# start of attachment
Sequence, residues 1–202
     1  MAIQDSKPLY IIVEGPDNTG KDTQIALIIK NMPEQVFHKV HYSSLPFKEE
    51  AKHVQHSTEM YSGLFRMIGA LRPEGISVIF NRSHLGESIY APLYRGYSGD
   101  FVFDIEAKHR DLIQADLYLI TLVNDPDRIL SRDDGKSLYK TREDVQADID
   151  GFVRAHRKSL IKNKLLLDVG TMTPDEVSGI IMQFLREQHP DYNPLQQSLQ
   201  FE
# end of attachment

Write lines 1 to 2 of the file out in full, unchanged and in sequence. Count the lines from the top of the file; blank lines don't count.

Sequence, residues 1–202
     1  MAIQDSKPLY IIVEGPDNTG KDTQIALIIK NMPEQVFHKV HYSSLPFKEE